One thing all 199 previous entries in this countdown had in common was that the photos were all taken at some point in the past nine years on one of the two digital cameras I’ve owned. When I was a kid, I had a 35mm camera that I was occasionally allowed to have a roll of film for. The last time I ever used that camera was on Photo Night at Busch Stadium in 1995, where the Cardinals players came out on the field for fans to take close ups of prior to the game. I took my roll’s worth of player pictures… and then after the fourth inning of the game that evening, a typical summer thunderstorm moved through causing a rain delay. As I was waiting it out on the concourse with lightning crashing all around us, I decided to take the ultimate no-risk gamble….
If you remember film photography, you might recall there was a twilight zone near the end of each roll where you might be able to take a couple of extra pictures than what the packaging on the film says you’d be able to. The counter on my camera was one or two over the 24 slots I was guaranteed to have on the roll, so there was a chance there may be one more bullet left in the camera. I wandered up to the railing where I had a view outside the stadium and aimed for the skyline. I reflexively flinched when I saw the sky light up and hit the button. It turned out to be the last photo on the roll…
Another aspect of film photography that the digital age has made us all forget is the fact that we really had no idea what we captured until the prints were developed. And the package of prints that came back with this roll had lots of posing ballplayers, but no nighttime shot. Not that I was too surprised…
It was a year later, the following summer, when I was going through those pictures again and remembered trying to take the photo during the rain delay. I decided to take a peek at the negatives and noticed that the very last frame had a very vague discoloration like it could be a photo and most notably a very thin crack-shaped line of black going vertically down it. It seemed like there was something there, but the processors apparently skipped over it thinking it was just a blank image. I showed it to my Mom, and she took the negative to the Mecca where I’d start working two years later and left instructions to print the very last frame, regardless of whether there was actually anything there or not.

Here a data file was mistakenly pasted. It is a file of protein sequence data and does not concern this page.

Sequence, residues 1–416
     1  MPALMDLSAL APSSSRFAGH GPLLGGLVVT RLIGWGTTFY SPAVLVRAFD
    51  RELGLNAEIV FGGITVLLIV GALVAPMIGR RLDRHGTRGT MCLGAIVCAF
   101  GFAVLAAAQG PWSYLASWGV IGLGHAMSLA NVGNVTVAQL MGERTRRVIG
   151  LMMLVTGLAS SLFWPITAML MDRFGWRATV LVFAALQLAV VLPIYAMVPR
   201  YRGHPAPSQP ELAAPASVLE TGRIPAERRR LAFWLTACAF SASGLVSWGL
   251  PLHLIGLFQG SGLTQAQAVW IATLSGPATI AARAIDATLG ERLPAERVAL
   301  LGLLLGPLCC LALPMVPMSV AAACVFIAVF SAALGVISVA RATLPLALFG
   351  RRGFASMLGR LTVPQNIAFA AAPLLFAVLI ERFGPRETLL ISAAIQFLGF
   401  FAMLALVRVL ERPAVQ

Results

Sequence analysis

There was something there alright….
Photo taken: August 19, 1995
On July 18, 1996… eleven months after I’d taken it, I found out that in one try, with one shot, with the final photo I ever took with a film camera, that I had captured a bolt of lightning! It just happened to strike in the direction I was pointing, I just happened to hit the button at the right time, and somehow managed to keep the camera steady enough to get the bolt in crystal clear focus! I’ve taken many amazing photos that I’ve shared in this countdown that I am extremely proud of… but THIS is my ultimate once in a lifetime photo. The best photo I’ve ever taken and likely ever will take….
I hope you all enjoyed the look at the top end of my photo archive over the past six and a half months!!!